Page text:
Baptist Memphis has the technology and the expertise to diagnose and treat strokes of all kinds: ischemic, hemorrhagic, and transient ischemic attacks.
We also offer a full continuum of care, including rehabilitation services and support groups, for stroke victims. We want you not just to recover, but to thrive after a stroke.
Types of Strokes
By far the most common stroke, accounting for about 87 percent of all cases.
Ischemic strokes occur as a result of an obstruction within a blood vessel supplying blood to the brain. The blood vessel can be blocked by fatty deposits (plaque) that line the vessel walls. This is a condition called atherosclerosis. Another cause is a blood clot in the vessel or other material that travels in the blood vessel and becomes lodged in smaller vessels in the brain.
Hemorrhagic strokes results from a weakened vessel that ruptures and bleeds into the surrounding brain. Two types of weakened blood vessels usually cause hemorrhagic stroke: cerebral aneurysms and arteriovenous malformations. The blood accumulates and compresses the surrounding brain tissue. Often a hemorrhagic stroke is caused by high blood pressure.
An aneurysm is a ballooning of a weakened region of a blood vessel. However, if left untreated, the aneurysm can continue to weaken until it ruptures and bleeds into the brain. Ruptured aneurysms are relatively uncommon.
An arteriovenous malformation (AVM) is a cluster of abnormally formed blood vessels. Any one of these vessels can rupture, also causing bleeding into the brain.
Other causes for hemorrhagic strokes are brain trauma. Brain trauma is often the result of an accident like a fall or a motor vehicle accident.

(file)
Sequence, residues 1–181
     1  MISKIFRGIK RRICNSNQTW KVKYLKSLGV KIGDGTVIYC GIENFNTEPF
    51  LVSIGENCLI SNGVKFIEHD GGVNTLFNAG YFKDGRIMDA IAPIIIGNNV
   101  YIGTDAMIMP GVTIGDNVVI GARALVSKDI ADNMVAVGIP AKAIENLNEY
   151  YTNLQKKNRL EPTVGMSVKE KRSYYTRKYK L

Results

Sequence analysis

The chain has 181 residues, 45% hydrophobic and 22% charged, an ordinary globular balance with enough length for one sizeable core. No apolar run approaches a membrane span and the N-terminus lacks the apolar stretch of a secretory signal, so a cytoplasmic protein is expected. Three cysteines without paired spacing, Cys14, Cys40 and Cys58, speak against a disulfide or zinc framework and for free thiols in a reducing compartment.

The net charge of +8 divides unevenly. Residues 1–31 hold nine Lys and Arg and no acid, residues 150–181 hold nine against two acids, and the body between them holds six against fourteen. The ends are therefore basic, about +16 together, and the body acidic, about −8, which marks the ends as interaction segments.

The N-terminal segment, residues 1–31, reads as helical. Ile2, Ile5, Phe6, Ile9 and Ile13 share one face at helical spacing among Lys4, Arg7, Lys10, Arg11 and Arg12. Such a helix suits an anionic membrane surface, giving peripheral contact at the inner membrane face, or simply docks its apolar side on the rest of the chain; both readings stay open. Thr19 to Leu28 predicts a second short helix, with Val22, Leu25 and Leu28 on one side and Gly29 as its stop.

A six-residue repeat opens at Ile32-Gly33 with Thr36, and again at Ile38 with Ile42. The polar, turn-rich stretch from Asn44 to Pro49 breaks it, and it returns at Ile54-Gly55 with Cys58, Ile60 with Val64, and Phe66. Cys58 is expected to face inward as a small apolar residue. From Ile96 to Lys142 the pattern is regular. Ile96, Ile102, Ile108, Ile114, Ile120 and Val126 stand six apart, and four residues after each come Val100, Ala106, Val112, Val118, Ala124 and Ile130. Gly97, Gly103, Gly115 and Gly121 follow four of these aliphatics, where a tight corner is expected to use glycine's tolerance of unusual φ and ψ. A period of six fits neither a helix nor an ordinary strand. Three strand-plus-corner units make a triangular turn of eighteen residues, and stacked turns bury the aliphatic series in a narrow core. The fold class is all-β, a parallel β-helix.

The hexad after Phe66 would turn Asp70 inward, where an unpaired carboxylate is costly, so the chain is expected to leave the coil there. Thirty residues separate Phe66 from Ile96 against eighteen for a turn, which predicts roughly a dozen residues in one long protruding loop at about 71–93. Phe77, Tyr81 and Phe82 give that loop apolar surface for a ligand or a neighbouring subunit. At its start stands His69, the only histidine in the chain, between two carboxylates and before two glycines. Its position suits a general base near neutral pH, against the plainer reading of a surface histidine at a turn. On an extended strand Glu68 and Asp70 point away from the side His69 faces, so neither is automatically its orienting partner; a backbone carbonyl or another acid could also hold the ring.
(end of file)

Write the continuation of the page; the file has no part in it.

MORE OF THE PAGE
Transient Ischemic Attack
Often labeled a “mini-stroke,” a TIA is more accurately characterized as a “warning stroke” — one you should take very seriously. TIA is caused by a blockage; the only difference between a stroke and TIA is that with TIA the blockage is transient, or temporary.
TIA symptoms occur rapidly and last a relatively short time. Most TIAs last less than five minutes; the average is about a minute. Unlike a stroke, when a TIA is over, there’s no permanent injury to the brain. Having a TIA is a sign you are at high risk for having a stroke.
How We Treat Strokes
Baptist Memphis has a 10-bed neuro ICU and a 40-bed neuro floor. There is a 40-bed intermediate level ICU step-down floor. Patients may be admitted to the neuro ICU as a direct admission, emergency admission, transfer from another critical care area, or from any nursing unit/department.
We offer advanced neuro diagnostic technology, including:
- Advanced Magnetic Resonance Imaging (MRI) and Magnetic Resonance Angiography (MRA)
- Magnetic Resonance Perfusion (MR Perfusion)
- Advanced Computerized Tomography (CT) technology and Computerized Tomography Angiography (CTA)
- Computerized Tomography Perfusion (CT Perfusion)
- Advanced Positron Emission Tomography technology
- Advanced Neuro Interventional Radiology for minimally invasive procedures.
Baptist Memphis has a multidisciplinary team of five neurologists, five neurointerventionalists, and more than a dozen neurosurgeons. The neuro ICU has critical care intensivists who are available in the ICU 24 hours a day. At Baptist Memphis you will experience a team of expertly trained physicians, nurses, therapists, pharmiacists and many other health care team members.
Baptist is working to keep distance from being something that prevents quality medical care. With a stroke or other neurological disorders, having immediate feedback can greatly improve medical care. Teleneurology brings patients together with experts who may be miles away.
For more detailed information about all forms of stroke, please visit the Stroke Association website. While you're there, be sure to check out Life After Stroke and Stroke Connection Magazine
For more information about stroke therapy, please visit our Baptist Rehabilitation-Germantown website.